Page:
Pointing at the bulletin letter's date (link) at left will display it's title.
November 19, 2006
Are We a Grateful People? If we would take a survey of the Thanksgiving holiday, we would probably see a very diverse list of “first thoughts” from the American public. Some think of this day as the day for watching football. Some think of the Thanksgiving Day Parade ushering in the Christmas Season and the coming of Santa Claus. It isn’t a coincidence that “black Friday”, the busiest shopping day of the year, comes on the day after ‘Thanksgiving” For others, Thanksgiving is a day for travel and visiting the family. For many it means sitting at a family dinner and eating the all popular Turkey.
For Catholics, Thanksgiving if often a confusing day. Some wonder why the parish church has a liturgy on this day. It isn’t Sunday or a Holy Day and , it is probably the most
impractical time to leave the kitchen. Others believe that it should be a Holy Day. What more appropriate time, they believe, to come together to pray. Some are not quite sure exactly what the relation is with the Catholic Church, if it has any at all. Isn’t the holiday a national day set aside for all Americans to give thanks for all we have been given?
As Christians we are told that we must be a grateful people. F. Andersen has written a very powerful little book, “Making the Eucharist Matter” on the meaning of the Eucharist. In it he explains how Christ understood thanksgiving or gratefulness. Once you have read and reflected on his words, you begin to have a completely different view of being grateful.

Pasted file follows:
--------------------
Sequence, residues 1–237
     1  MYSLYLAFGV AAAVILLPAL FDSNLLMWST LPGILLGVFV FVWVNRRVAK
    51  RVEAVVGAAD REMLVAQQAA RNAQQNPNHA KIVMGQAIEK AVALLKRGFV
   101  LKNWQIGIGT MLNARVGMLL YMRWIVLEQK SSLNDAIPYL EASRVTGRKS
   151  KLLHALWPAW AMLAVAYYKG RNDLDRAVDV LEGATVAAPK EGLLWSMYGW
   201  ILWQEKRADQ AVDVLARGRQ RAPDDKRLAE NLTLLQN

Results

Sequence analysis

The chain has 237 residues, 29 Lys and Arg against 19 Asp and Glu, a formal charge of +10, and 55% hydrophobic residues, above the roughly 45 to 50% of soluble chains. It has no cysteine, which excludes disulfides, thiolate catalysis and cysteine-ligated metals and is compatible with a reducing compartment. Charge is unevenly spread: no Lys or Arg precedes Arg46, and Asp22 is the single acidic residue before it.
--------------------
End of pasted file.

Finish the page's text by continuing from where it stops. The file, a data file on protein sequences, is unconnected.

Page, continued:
Another version of gratefulness is presented by Dr. Ralph Wilson who has written a number of articles on the topic of Thanksgiving. In a short meditation on a passage from
Colossians, he shares a perspective that is worth reflecting on. Giving a very candid opinion of the human condition, Dr. Wilson humorously allows his reader to reflect on the notion that we are all complainers by nature. We quickly recognize the chronic complainer who will corner any likely and unsuspecting good listener. It is strange, he says, that we have no difficulty recognizing the effect of such a complainer. Not only is this person unhappy but everyone who comes into contact with him/her is often unhappy and most often seeks the closest escape route. What we often do not realize is that we are all that basis “chronic complainer.” The complaints probably vary from person to person and some of us are probably more adept at being creative, but, the bottom line is that we all have our times and our specialties whether it be our health, our jobs, our families, etc.
As a remedy for being a chronic complainer, Dr. Wilson suggests that we try to react a little bit more like the Pillsbury Doughboy. When someone pokes him, his reaction is “Oh” and he smiles. Is that what we do when someone “pokes” us? Are we instinctively positive in our thoughts and views. Are we attractive to others in our disposition? Do we try to see the good in others? Do we see the good in our own lives? We probably don’t want to look like the little doughboy but his positive attitude might not be a bad thing for us.
Being grateful means seeing the positive in our lives and living as though we believe it. Are we a grateful people? It’s definitely within our reach. Happy Thanksgiving!
Lorette P. Nault